Second, if the suspect does not consent, the taking of a DNA profile sample may be authorised by a senior police officer. The senior police officer would have to be satisfied that there are reasonable grounds to believe that the suspect committed the indictable offence or DNA sample offence if the suspect is a child, and that the carrying out of the procedure is justified in all the circumstances.
It is important to emphasise that the senior police officer’s ability to authorise such a procedure applies only to suspects who are in lawful custody. A court order will still be required under the existing DNA powers in the Crimes Act 1958, which will continue to operate alongside the new powers in specific circumstances. Existing requirements for how police may use DNA samples, and the length of time that samples may be retained, will stay the same.
This means that if police do not charge the suspect, or the charges are withdrawn, or the charges are not proven, the DNA sample must be destroyed. DNA samples taken from adult suspects who are subsequently found guilty or not guilty by mental impairment, may be retained indefinitely without a court order. For child suspects, a court order will still be required to retain the DNA sample, which requires the court to consider the seriousness of the circumstances of the offence and that the making of the order is justified. A court order will also be required to seek an offender sample from a child. Maintaining court oversight in both of these circumstances is consistent with various other extra protections afforded to children in the justice system and reflects the potentially life-long consequences of having their DNA sample retained.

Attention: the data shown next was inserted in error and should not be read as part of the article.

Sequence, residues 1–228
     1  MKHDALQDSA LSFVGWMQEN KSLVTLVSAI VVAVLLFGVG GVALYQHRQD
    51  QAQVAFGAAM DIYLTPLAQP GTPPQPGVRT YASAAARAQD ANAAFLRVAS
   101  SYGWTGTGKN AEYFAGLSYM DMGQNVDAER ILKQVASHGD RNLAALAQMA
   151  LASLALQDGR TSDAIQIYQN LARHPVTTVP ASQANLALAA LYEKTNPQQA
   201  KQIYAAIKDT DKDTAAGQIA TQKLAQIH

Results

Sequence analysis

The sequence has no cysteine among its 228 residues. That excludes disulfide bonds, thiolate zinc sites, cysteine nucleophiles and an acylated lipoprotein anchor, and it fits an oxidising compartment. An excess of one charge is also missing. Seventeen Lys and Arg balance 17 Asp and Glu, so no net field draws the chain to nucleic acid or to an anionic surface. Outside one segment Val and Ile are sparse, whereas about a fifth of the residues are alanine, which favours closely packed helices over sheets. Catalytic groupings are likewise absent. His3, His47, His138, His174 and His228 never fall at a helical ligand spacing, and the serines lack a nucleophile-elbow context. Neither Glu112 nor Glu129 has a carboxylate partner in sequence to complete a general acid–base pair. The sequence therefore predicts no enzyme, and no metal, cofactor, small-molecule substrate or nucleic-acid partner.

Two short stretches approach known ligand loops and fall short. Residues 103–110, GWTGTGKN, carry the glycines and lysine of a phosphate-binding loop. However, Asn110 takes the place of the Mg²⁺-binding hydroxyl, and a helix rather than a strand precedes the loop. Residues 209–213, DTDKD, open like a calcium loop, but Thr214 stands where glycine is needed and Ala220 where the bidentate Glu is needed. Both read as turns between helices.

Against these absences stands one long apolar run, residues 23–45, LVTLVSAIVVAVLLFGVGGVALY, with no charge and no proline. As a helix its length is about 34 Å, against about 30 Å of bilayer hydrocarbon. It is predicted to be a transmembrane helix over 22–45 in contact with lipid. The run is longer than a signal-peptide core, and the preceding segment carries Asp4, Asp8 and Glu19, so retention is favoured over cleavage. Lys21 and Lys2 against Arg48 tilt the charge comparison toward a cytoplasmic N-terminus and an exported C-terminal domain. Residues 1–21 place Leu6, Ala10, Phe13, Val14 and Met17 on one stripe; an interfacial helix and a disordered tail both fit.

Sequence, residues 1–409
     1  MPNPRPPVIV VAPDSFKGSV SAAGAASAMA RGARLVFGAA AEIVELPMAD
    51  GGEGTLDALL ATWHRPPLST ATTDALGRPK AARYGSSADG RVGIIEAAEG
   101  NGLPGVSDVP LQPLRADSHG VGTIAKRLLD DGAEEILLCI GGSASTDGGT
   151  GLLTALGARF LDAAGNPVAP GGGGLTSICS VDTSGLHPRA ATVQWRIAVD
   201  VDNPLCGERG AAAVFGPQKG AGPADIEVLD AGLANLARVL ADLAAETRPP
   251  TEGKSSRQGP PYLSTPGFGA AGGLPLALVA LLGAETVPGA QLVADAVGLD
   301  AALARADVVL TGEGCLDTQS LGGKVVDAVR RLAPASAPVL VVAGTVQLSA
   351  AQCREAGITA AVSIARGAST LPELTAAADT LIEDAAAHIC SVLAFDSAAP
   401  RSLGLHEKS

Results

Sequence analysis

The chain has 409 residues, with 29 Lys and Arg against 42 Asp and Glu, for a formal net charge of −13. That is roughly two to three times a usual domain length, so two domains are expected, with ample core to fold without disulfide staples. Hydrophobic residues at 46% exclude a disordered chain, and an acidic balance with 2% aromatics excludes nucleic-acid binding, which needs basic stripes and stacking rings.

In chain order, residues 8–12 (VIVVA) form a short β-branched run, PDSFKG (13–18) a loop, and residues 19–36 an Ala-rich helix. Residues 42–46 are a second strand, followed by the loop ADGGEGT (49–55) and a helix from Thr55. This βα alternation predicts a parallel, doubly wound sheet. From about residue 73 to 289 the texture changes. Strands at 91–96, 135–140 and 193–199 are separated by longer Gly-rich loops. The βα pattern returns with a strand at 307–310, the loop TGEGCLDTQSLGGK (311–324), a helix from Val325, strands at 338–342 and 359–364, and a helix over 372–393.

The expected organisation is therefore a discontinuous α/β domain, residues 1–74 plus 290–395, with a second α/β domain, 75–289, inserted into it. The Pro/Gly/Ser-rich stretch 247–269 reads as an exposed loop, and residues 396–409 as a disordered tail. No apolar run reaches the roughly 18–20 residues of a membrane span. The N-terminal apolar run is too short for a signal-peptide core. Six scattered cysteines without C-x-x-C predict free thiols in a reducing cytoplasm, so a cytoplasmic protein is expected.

The taking of DNA profile samples will be governed by the current legislative requirements to ensure that the procedures are carried out safely and with respect to the person’s privacy. For example, the person may elect to take the mouth scraping themselves rather than have another person take it for them. If a blood sample is to be taken, only a medical practitioner or nurse will be able to take that sample. For children, the procedure must be witnessed by their parent or guardian or an independent person.
The Bill also includes a new requirement that police must use the least intrusive and least painful method practicable in the circumstances. This provides an additional safeguard that applies to all forensic procedures, not just when taking DNA profile samples, and regardless of how the procedure was authorised. The admissibility of any evidence obtained as a result of a DNA profile sample will be a matter for the courts and will be a question for the trier of fact in each case. As is currently the case, the evidence will generally be inadmissible in proceedings against the person if the police fail to comply with the requirements set out in the legislation. The current exceptions will continue to exist, for example where the prosecution satisfies the court on the balance of probabilities that the circumstances justify the reception of the evidence.
The Crimes Act 1958 makes clear that the probative value of the evidence does not of itself justify the reception of the improperly obtained evidence. Finally, to ensure that these new powers are being used in the manner intended, the Bill also provides that the Independent Broad-based Anti-corruption Commission (the IBAC) will have oversight of Victoria Police’s use of these powers, and the Attorney-General will also be able to make a complaint to the IBAC the use of these powers.